By Tabora Bojang
The governor of the Central Bank of the Gambia has attributed the current commodity price surge in the country to the “costs push effects of the structural bottlenecks at the Banjul Ports” because waiting times of ships in high seas are included in the costs of delivering goods to The Gambia.
The increasing government tax on businesses and the absence of a national price framework are highly considered to be push factors for the skyrocketing of staple food prices which are mostly imported into the country.
Addressing a press conference at the bank’s Monetary Policy Committee meeting on Thursday, Governor Buah Saidy said the increase in consumer price inflation reflects the trend in the global food prices and domestic structural problems which a monetary policy cannot influence.
“The ports of Banjul have a structural rigidity. The jetty is not large enough to allow the ships from high seas to enter our river and dock at the ports and immediately leave. As a result, these ships that bring most of our foods – oils, fat, clothing, building material, take days queuing in high seas before they can dock, offload and allow other ships to come in. The way this contributes to increase in food prices is that the waiting times of ships in high seas are included in the costs of delivering goods to The Gambia and in turn the local importer or the businessman here would absorb that cost and also pass that to the consumer and that is how it affects the prices,” he said.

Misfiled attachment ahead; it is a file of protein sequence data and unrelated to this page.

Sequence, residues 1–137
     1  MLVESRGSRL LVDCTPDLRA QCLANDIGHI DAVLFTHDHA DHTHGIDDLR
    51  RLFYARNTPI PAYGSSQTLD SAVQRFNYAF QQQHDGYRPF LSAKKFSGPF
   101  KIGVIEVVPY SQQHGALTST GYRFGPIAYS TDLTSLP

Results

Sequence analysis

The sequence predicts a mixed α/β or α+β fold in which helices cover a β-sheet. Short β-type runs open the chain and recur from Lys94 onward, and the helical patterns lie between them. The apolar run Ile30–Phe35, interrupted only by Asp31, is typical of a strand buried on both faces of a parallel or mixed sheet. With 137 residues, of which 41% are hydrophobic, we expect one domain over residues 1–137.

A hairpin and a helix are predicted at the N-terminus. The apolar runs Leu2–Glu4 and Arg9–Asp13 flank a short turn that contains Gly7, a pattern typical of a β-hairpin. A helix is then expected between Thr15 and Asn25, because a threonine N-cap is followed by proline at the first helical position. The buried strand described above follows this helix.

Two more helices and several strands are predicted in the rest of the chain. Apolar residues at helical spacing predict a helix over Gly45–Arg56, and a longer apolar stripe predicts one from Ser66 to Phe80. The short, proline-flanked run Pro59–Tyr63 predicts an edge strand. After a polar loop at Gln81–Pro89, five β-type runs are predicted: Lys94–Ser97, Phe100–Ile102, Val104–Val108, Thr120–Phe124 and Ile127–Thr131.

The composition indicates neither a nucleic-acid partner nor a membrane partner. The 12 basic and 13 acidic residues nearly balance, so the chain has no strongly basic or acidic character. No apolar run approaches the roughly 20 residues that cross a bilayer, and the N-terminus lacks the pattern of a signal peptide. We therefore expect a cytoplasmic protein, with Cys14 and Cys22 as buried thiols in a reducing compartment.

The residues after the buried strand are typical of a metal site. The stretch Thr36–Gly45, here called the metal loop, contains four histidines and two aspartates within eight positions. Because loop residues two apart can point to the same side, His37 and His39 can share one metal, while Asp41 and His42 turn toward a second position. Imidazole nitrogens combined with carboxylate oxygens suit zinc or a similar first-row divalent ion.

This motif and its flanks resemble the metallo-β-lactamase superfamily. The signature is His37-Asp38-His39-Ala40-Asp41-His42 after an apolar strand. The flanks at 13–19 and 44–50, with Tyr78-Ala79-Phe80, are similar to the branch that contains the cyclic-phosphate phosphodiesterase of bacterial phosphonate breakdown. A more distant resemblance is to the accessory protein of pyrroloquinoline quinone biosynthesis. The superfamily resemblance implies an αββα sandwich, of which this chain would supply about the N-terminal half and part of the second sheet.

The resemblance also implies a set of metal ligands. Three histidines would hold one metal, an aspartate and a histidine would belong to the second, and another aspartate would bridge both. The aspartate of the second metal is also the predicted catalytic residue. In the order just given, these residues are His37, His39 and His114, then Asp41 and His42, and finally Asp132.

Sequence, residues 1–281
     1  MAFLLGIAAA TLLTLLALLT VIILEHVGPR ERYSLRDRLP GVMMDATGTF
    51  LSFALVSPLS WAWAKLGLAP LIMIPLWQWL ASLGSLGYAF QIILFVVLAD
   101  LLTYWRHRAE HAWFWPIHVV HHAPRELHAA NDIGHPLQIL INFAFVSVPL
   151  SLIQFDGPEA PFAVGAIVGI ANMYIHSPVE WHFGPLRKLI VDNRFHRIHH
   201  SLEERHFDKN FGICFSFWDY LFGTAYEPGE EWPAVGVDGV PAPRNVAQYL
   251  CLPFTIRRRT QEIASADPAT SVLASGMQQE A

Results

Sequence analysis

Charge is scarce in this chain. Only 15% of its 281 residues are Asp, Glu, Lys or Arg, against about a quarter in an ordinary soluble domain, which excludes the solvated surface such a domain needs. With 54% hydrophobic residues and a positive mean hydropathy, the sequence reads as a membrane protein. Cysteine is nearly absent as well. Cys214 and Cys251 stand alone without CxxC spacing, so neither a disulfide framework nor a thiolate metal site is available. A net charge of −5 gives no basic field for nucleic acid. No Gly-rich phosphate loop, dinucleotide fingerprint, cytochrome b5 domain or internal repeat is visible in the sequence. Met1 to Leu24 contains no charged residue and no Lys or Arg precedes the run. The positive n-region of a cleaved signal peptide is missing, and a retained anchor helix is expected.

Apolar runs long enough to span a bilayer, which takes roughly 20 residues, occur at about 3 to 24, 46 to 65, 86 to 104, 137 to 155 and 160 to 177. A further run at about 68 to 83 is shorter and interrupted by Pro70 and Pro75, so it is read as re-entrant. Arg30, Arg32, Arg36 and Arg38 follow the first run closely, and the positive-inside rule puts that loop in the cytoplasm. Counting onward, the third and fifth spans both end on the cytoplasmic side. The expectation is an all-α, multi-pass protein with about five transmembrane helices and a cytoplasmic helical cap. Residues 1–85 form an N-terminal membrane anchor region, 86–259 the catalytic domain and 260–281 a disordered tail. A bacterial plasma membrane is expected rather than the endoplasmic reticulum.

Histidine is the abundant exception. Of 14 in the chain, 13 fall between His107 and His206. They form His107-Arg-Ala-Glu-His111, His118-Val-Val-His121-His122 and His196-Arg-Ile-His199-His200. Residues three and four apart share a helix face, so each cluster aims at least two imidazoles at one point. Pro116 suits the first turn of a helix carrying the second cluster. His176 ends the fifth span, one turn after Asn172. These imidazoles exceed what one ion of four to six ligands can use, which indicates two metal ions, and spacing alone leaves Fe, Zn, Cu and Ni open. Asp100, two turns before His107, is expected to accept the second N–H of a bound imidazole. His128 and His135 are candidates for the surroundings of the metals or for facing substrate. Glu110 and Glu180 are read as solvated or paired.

Saidy who revealed heightened inflation expectations next month, said these are issues which the Monetary Policy cannot virtually address because the country imports most of its food commodities.
He reported that the consumer price inflation in food and non-alcoholic beverages accelerated to 8.97 percent in October 2021 from 6.83 percent last year.
Similarly, non-food inflation also increased to 5.7 percent in October from 4.3 percent in the same period last year.
According to the governor, the surge in non-food inflation was to increase in the prices of all the components of non-food basket excluding furnishings and household equipment.
Saidy said the government has received a grant and soft loan from the IMF and European Investment Bank to dig more channels in the sea and expand the Banjul ports to be able to accommodate a minimum three ships at the same time.
“This will provide a wider way for ships to dock, offload and at zero waiting time and that would significantly contribute to the decline in food prices.”